“A Constellation of Vital Phenomena” by Anthony Marra

“A Constellation of  Vital Phenomena” by Anthony Marra (2013) – 382 pages

Chechnya_and_Caucasus

A lot of writers make the following mistake.  When they depict characters in sad and desperate situations, these characters lose their personalities.  The people in the story become stilted and cheerless due to the pressure of events.  But even in the worst of circumstances, unless one is directly affected, his or her essential spirit will shine through.  “A Constellation of Vital Phenomena” is one of the more humorous novels I’ve read, yet there are few situations that are as wretched as that of Chechnya in the years portrayed in the novel, 1996-2004.  Humor, even black humor, is one of our basic coping mechanisms.

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Who would have guessed that one of the finer novels released in the United States in recent years would be about the wars in Chechnya?  “A Constellation of Vital Phenomena” is a quite moving story; it will make the readers laugh through their tears.  The novel is about people living and dying in the brutal modern world.

First here is a little background on Chechnya.  Chechnya is a fairly small landlocked country east of the Black Sea and west of the Caspian Sea.  Islam is the predominant religion in Chechnya.  Formerly there was a fairly significant Russian Orthodox population which has mainly left the country as a result of the wars.  When the Soviet Union disintegrated in the early 1990s, Chechens fought and won their independence from Russia in a war.  The country did quite well for a while, mainly due to the huge oil resources under their land.  However in October, 1999, Russia started the Second Chechen War to regain control of the country.

Much of the “A Constellation of Vital Phenomena” story takes place at a bombed-out hospital in the Chechen town of Volchansk.  The hospital used to have a staff of 500 but it now is down to a staff of three including Sonja who is the only doctor.  One whole side of the hospital is missing, bombed during the war.  Yet the hospital still gets quite a few patients due to all the land mines in the area.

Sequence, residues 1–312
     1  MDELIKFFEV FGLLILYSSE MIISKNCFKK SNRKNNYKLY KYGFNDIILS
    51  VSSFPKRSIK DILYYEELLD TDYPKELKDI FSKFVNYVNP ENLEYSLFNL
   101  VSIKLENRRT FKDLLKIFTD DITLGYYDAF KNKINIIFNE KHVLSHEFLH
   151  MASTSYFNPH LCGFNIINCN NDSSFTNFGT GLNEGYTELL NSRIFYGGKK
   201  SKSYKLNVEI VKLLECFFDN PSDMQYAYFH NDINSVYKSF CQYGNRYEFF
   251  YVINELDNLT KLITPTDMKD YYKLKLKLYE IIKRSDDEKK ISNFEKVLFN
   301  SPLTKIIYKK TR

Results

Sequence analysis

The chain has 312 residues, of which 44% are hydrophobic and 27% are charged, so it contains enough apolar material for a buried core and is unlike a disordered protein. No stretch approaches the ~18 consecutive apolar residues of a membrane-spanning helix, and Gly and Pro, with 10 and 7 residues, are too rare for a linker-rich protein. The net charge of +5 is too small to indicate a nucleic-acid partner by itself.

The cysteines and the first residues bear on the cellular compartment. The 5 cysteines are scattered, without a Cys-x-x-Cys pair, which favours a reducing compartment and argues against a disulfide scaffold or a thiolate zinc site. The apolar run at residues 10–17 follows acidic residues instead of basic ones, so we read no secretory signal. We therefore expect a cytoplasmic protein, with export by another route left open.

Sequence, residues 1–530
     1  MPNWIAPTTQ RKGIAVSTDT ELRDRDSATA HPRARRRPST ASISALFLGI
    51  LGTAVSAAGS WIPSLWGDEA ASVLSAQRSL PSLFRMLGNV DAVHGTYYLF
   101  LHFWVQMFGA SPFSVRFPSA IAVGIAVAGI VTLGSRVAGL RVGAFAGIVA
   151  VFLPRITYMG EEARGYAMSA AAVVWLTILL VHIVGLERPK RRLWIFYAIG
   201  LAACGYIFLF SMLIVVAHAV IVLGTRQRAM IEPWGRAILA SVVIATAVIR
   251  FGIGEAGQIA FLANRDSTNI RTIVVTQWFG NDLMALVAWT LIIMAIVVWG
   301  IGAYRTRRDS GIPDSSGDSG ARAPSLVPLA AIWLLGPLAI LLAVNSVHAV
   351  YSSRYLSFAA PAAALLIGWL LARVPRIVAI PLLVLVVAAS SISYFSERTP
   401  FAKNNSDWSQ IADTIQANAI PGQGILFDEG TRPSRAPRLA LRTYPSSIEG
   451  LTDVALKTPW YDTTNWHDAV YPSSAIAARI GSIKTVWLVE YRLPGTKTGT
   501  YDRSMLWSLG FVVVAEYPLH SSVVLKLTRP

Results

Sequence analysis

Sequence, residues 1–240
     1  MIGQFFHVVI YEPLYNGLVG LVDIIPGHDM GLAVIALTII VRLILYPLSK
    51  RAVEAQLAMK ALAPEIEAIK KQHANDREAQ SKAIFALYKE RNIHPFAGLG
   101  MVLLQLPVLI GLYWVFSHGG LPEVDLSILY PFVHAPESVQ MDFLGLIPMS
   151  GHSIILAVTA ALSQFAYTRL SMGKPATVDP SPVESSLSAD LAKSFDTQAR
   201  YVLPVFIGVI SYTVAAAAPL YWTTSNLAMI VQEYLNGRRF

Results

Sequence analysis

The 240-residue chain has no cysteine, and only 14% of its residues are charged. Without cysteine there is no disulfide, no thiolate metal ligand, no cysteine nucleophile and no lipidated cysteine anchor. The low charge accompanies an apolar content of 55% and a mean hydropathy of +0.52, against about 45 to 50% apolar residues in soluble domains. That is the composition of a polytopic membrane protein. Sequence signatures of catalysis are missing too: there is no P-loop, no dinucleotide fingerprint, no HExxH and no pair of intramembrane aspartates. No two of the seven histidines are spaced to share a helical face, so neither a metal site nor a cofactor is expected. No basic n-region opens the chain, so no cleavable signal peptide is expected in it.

The novel mentions Leo Tolstoy a few times.  Tolstoy wrote a novel, “Hadji Murad”, which takes place in Chechnya.  I would guess that Anthony Marra is going for the same emotional sweep in his writing as Tolstoy.

In a few scenes “Constellation” depicts the torture of Chechens by the Russians.  These scenes are so brutal you can well understand why civilized countries outlawed the use of torture to achieve their goals.

The novel certainly takes the pro-Chechen side in the war, although Wikipedia does show that both sides committed atrocities.  The novel does point out that some of the Muslims, especially those in the Wahhabi movement, wanted to turn the war against Russia into a holy war and really didn’t care about Chechen independence.

“A Constellation of Vital Phenomena” shifts the point of view between each of the seven main characters, and each of their stories is gripping emotionally. Each of the main characters must deal with their own situation, and the stories are fascinating.  I unsuccessfully tried to find out more about Anthony Marra’s background to figure out his profound interest in Chechnya.  I suspect that Leo Tolstoy would praise this novel.

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4 responses to this post.

  1. Sounds great. I know you don’t love just anything.

    Hey, I’ll have to read “Hadji Murad.” I just read about that somewhere: it’s the last book by Tolstoy Pevear and Volokhonsky translate.

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  2. Hi Kat,
    Yes, I’ve been looking for Hadji Murad too, the version translated by Pevear and Volokhonsky. I think it was published in a book of several short Tolstoy novels. I read Tolstoy’s two epics Anna Karenina and War and Peace about twenty years ago when I was reading nearly all 19th century Russian writers. Tolstoy is one of the greats.

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  3. This heartbreaking story of a war torn area of the world reminds us that however annoyed we get with our own lives, we’re far better off. I’d never have read about this tragic place and time if the writing had been less brilliant. It held me while I learned some hard lessons.Several years ago I reviewed novel excerpts in the Amazon Shorts Writing Contest and one author’s writing impressed me so much I saved part of his entry and his name. With talent like that, I was sure he was headed for great things. I ran across the entry recently and searched to see if he’d been published yet. What did I find but this book due to be released soon. I was delighted to find it on Vine and couldn’t wait to read it.Sure enough the writing is stunning and it kept me reading even though the story of the desperation of those living through these wars wrenches one’s soul. The characters accept the horror of their lives and put one foot in front of the other with utter futility and yet rays of hope leak through the crumbling walls. While there is not much bright about what happens, the message that comes out at the end is that life goes on and prevails. It’s a story of hope and survival against all odds. The characters leave a legacy that reinforces one’s belief in the strength of the human spirit.I expected great things from this author and I wasn’t disappointed. He has a real gift.

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    • Hi Colin R. Carpenter,
      Thank you for your enlightening comments, and I could not have said it better myself. Anthony Marra is definitely a writer on his way up.

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